Security Roundup - 2018-05-18

Incorrect handling of HTML leads to security problems. eFail is the latest named vulnerability going around. Initially hyped as a PGP failure, what actually is happening is that systems interpreting HTML can be abused to exfiltrate data. If you combine this with automatic decryption of PGP data in your email client, you potentially have your client decrypt the text and then handily send it to an external source. The EFF has an extensive FAQ.

Remote code injection in DHCP client. RedHat Linux and variants have released patches for a bug that caused the dhcp client to parse responses like commands allowing for remote code execution. The PoC exploit fit into a tweet.

Rowhammer in the wild. Several Rowhammer attacks have been demonstrated in the wild, including one triggered by sending packets over a network and another that used the GPU on phones.

When your desktop apps have XSS. Electron, a framework for creating cross platform desktop apps using html, css and javascript had a remote code execution exploit disclosed this week, due to an incorrect handling of defaults. This potentially means that a number of Electron apps are exposed to cross site scripting attacks. Related, the secure messaging app Signal had two XSS vulnerabilities found in their desktop app.

Active zero day for Internet Explorer. Discovered by two seperate security companies investigating attacks, make sure you upgrade and/or move to more modern browsers.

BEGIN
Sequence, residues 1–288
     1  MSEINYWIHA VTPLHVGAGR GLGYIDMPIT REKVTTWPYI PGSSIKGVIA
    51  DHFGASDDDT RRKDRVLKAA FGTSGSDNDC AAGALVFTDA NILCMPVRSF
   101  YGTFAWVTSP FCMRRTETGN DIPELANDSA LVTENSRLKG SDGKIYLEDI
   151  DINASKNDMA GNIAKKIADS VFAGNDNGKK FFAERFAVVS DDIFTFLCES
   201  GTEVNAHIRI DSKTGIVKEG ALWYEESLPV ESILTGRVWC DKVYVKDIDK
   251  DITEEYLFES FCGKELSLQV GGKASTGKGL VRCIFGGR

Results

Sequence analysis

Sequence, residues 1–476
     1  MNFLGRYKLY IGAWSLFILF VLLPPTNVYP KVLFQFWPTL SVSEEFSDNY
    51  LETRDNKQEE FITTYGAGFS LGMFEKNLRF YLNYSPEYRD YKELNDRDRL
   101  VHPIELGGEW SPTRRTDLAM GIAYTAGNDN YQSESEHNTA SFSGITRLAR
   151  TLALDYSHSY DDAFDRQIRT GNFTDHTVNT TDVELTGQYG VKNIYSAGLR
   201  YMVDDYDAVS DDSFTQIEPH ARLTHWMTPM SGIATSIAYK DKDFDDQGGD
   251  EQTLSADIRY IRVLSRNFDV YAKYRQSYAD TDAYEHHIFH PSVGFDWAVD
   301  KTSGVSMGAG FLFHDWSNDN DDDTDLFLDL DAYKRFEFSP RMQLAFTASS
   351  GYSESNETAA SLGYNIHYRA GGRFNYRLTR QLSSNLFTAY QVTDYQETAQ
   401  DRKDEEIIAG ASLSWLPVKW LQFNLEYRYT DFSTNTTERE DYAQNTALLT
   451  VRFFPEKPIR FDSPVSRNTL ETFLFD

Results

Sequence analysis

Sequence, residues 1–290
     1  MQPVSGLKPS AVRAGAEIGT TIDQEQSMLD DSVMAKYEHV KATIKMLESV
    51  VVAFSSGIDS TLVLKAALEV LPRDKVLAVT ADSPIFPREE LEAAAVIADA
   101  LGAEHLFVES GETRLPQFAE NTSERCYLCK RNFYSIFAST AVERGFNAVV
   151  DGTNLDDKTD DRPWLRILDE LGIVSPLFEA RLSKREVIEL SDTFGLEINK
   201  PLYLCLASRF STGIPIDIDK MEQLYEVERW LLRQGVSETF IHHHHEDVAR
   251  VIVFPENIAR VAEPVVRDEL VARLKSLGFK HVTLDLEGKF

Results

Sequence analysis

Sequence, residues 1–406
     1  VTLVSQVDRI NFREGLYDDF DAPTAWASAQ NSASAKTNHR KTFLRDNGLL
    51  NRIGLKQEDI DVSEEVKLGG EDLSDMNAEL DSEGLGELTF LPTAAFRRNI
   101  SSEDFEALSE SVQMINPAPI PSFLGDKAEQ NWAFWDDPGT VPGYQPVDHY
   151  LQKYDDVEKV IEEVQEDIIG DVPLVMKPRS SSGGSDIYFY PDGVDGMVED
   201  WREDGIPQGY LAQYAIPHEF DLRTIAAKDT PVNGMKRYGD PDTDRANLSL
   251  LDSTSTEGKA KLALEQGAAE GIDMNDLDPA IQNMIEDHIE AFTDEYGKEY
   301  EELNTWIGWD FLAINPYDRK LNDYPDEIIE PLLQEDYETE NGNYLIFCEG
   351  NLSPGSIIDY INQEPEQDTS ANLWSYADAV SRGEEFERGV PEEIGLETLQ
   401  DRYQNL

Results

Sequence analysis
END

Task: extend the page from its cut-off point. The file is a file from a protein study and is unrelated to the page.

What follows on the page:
IBM bans thumb drives. IBM has recently reviewed their security standards and has decided that thumb drives are no longer to be used. Given their history as an attack vector, as well as a common method to lose/leak data this seems like a smart (though perhaps hard to enforce/implement) strategy.

Subliminal IoT. Students at UC Berkley have demonstrated that voice assistants can be controlled by subliminal messages.

This photocopier contains secrets. Getting rid of old photocopiers/scanners at work? Make sure they aren’t storing secrets, like maybe social security numbers, contracts, or medical records.

People Don’t Patch. I actually talked to members at Sonatype about this, where they see thousands of organizations downloading vulnerable software packages, like the Struts vulnerability that resulted in huge news stories when it was the cause of the Equifax breach.

Written on May 18, 2018